Danger on Peaks: Gary Snyder’s Latest

Near the beginning of Gary Snyder’s new Danger on Peaks, the poet asks, “Who wouldn’t take the chance to climb a snowpeak and get the long view?” While the question is part of a piece about climbing Mt. St. Helens, it can be read as an invitation as well — who wouldn’t take the chance to follow him into Danger on Peaks and see the view? The long view — mountains and loved ones (past and present) and the land — offers glimpses of “beings living or not, beings or not,/ inside or outside of time”, and is one well worth beholding.

But the book is more than just a pretty view. Informed by Snyder’s Buddhist ethic, it gives us a way to look at what we see, and it’s clear throughout the book — from the peaks of upheaval to the valley between them — that the cycle itself has something to teach us if we’ll pay attention.

Danger on Peaks is Snyder’s first collection of entirely new poems since Axe Handles, which was published in 1983. With a mixture of styles ranging from prose poems to haiku, the book is divided into six sections and takes its title from a poem in its fifth, “For Carole”:

Her lithe leg
proud, skeptical,
passionate, trained
by the
by the
danger on peaks

The whole book is a journey, and each successive poem leads the reader (in this case, me) a little further; it’s definitely not a random collection that can be skipped through at will. Reading the entire collection is an experience akin to going on a pleasantly challenging hike with a knowledgeable guide who loves the land he travels. The path Snyder takes here goes from the 1980 eruption of Mt. St. Helens to reflections on people — friends and family — he’s known to the Taliban’s destruction of the large Buddhas in Bamiyan and the terrorist attacks on the World Trade Center. Near the beginning of the book, he writes of the bombing of Hiroshima and Nagasaki and says in the poem “Atomic Dawn”:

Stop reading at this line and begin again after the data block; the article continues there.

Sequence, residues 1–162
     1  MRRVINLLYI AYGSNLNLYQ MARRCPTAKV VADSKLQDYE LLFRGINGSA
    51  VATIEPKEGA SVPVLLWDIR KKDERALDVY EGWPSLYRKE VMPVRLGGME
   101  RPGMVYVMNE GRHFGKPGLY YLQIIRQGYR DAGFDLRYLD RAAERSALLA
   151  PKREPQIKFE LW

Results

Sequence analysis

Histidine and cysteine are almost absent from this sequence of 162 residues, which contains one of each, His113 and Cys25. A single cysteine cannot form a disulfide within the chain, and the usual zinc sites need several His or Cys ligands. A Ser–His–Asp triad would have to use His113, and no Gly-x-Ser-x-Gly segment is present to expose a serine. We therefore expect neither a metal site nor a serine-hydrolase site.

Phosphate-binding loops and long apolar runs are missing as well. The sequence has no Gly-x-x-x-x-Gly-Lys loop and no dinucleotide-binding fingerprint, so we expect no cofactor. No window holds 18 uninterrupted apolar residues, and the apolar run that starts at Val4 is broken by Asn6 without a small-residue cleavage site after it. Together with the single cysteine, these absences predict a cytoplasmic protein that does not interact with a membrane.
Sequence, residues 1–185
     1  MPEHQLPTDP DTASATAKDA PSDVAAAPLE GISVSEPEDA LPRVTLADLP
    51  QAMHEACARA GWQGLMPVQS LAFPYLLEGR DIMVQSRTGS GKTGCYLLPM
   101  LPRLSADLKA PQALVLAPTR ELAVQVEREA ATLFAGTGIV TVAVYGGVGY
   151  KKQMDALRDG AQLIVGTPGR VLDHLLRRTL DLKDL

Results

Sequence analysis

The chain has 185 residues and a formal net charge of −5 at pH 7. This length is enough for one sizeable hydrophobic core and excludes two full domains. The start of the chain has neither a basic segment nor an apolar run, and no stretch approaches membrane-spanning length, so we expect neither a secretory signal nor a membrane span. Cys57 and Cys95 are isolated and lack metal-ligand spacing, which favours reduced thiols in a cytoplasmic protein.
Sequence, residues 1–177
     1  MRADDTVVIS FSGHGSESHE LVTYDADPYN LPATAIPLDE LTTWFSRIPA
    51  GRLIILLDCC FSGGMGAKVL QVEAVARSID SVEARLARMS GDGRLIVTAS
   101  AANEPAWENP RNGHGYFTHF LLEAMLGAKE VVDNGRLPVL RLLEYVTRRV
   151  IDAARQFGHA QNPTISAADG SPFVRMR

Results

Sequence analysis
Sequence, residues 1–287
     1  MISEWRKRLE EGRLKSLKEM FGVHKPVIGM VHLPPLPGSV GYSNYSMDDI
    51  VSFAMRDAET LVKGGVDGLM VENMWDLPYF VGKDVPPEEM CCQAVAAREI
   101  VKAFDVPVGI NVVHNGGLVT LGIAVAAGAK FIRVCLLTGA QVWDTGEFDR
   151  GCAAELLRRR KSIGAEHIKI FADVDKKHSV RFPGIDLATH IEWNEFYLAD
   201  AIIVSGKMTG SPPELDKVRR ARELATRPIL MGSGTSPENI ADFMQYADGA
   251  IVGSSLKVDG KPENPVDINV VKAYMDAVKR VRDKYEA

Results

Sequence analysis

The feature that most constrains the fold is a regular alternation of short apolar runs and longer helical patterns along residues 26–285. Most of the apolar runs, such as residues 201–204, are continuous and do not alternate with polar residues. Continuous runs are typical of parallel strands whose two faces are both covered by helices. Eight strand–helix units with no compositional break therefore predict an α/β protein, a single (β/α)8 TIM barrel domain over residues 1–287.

Horrified, blaming scientists and politicians and the governments of the world, I swore a vow to myself, something like, “By the purity and beauty and permanence of Mt. St. Helens, I will fight against this cruel destructive power and those who would seek to use it, for all my life.”

I think this book is a testament to that. Whether it’s more direct, as in the poems in the “After Bamiyan” section, or less so, like the poems written about friends and family, the book is constructive and respectful, understanding of life, both in place and part of a whole.

I could choose many examples of this from the book, but I’ve decided to leave you with a couple of passages from this poem.

For Philip Zenshin Whalen
d. 26 June 2002

(and for 33 pine trees)

Load of logs
chains cinched down and double-checked
the truck heads slowly up the hill

I will think of you
pines from this mountain
as you shelter people in the Valley
years to come

Though our roles may change, we’re all part of something. Gary Snyder does well to remind us.

16 Responses

  1. Gary SnyderGary Snyder is,
    Gary Snyder

    Gary Snyder is, pardon my french, une bordel de super chouette. But what else would you expect from the guy who introduced me to Han-Shan? I have yet to read his new work, but two of my favourite poems of his are Nansen and Building.

  2. seeing Gary………I’ve had
    seeing Gary…..

    ….I’ve had the privledge of seeing Gary Snyder read 3 times, all the readings being in D.C., ranging from a reading at a big churh on Capitol Hill, where he was accompanied by Paul Winter’s music, to a small bookstore downtown where we were crammed in real tight, somebody shouted “read louder!” and Gary responded by simply saying, “I do not shout my poetry.”, he was also asked later, “how do you make a living as a poet in America?”, and his response was, “stick to your day job, mine is teaching poetry at U.C. Davis.”, what a great night it was. The other time I saw him was at the Folger Shakepeare Library reading from Mountains and Rivers Without End upon it’s publication, I got to meet and shake his hand that night.